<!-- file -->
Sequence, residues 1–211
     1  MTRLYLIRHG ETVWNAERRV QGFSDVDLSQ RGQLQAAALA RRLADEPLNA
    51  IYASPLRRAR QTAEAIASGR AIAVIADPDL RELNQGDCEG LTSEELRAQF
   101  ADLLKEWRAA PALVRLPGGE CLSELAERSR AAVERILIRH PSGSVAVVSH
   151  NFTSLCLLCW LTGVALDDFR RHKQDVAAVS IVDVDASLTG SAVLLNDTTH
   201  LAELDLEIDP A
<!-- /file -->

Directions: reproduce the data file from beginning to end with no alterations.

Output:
Sequence, residues 1–211
     1  MTRLYLIRHG ETVWNAERRV QGFSDVDLSQ RGQLQAAALA RRLADEPLNA
    51  IYASPLRRAR QTAEAIASGR AIAVIADPDL RELNQGDCEG LTSEELRAQF
   101  ADLLKEWRAA PALVRLPGGE CLSELAERSR AAVERILIRH PSGSVAVVSH
   151  NFTSLCLLCW LTGVALDDFR RHKQDVAAVS IVDVDASLTG SAVLLNDTTH
   201  LAELDLEIDP A